Fall protection is a critical aspect of workplace safety, but even the best safety plans can’t account for every potential hazard. That’s why it’s important to be aware of the hidden fall protection hazards that could put your workers at risk. These hazards are not always obvious, and they can be difficult to detect and prevent. In this blog post, we’ll take a closer look at some of the most common hidden fall protection hazards and what you can do to keep your workers safe.
First and foremost, it’s important to understand that fall protection is only as effective as the person wearing it. In order for fall protection to truly protect you, you need to be properly trained on how to use it and you need to use it correctly. This means not only wearing the right type of fall protection for the job, but also making sure that it’s properly adjusted and secured. If a full body harness is not worn correctly, it can become entangled in equipment or other objects, which can increase the risk of a fall or cause injury. “It is easy to overlook, but one of the most common fall protection hazards I see is improperly wearing a full body harness.” Says FrenchCreek’s Director of Training Blaine Pettit.
One hidden hazard that often goes overlooked is the risk of being struck by a falling object. Even if you’re wearing fall protection and working on a secure platform, a falling object can still hit you and cause serious injury or death. To protect yourself, make sure that you’re always wearing a hard hat and that you’re aware of what’s going on around you. If you see something falling, get out of the way as quickly as possible. Likewise, falling tools can pose a serious danger to workers below. Gravity can generate fatal impact forces even with the smallest of tools. We recommend using a tool lanyard that can eliminate the hazard of dropped objects when working from heights. FrenchCreek tool lanyards fit various shapes and sizes of tools.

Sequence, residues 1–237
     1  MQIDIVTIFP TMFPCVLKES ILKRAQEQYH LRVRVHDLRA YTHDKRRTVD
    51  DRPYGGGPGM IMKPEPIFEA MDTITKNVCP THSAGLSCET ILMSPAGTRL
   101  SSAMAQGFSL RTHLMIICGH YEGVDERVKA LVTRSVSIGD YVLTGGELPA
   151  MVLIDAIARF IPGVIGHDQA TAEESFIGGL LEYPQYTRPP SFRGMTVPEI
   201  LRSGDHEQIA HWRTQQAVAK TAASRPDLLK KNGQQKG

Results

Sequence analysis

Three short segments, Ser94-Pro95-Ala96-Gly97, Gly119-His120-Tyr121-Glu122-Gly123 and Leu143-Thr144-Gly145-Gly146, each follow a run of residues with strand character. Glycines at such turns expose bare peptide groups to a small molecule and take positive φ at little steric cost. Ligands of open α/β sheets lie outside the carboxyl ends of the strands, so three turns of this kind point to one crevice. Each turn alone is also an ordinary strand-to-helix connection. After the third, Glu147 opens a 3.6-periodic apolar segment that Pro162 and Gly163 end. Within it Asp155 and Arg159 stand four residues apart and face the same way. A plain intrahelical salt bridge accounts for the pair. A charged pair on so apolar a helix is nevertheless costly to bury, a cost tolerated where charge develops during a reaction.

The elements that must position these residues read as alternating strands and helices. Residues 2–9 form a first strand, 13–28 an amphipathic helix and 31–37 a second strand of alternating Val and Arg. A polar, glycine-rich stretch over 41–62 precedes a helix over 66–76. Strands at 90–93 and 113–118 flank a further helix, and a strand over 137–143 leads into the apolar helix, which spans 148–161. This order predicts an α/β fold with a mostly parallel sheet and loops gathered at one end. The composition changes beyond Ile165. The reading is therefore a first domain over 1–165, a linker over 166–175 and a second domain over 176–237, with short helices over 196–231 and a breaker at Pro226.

Another hidden hazard is the risk of getting caught in or between equipment. This can happen if you’re working near large machinery or if you’re working in a confined space. To protect yourself, make sure that you’re aware of the equipment you’re working around and that you’re wearing the appropriate personal protective equipment (PPE) for the job. If you’re working in a confined space, make sure that someone is monitoring you from outside and that you have a means of communication with them.
A common but often overlooked fall hazard is skylights. It is easy to identify a hole on the ground level, but many times skylights give workers a false sense of security. Skylights can pose fall hazards if they are not properly maintained or if safety measures are not in place. For example, if a skylight is cracked or damaged, it may not be able to support the weight of a person and could give way, resulting in a fall. Additionally, if there is no guardrail or other protective barrier around the skylight, a person could accidentally step off the edge and fall through the skylight. To prevent these hazards, it is important to regularly inspect skylights for damage, repair any cracks or other issues, and install guardrails or other safety measures around the skylight as needed. Additionally, when working near skylights, it is important to use fall protection equipment such as harnesses and lanyards.